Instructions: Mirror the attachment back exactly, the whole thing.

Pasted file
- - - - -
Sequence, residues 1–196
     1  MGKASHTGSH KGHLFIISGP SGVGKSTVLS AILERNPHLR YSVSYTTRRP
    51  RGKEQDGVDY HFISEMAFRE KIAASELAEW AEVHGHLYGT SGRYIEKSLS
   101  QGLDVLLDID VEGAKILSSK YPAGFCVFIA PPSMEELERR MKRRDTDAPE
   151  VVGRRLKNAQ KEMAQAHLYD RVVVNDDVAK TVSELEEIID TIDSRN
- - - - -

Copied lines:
Sequence, residues 1–196
     1  MGKASHTGSH KGHLFIISGP SGVGKSTVLS AILERNPHLR YSVSYTTRRP
    51  RGKEQDGVDY HFISEMAFRE KIAASELAEW AEVHGHLYGT SGRYIEKSLS
   101  QGLDVLLDID VEGAKILSSK YPAGFCVFIA PPSMEELERR MKRRDTDAPE
   151  VVGRRLKNAQ KEMAQAHLYD RVVVNDDVAK TVSELEEIID TIDSRN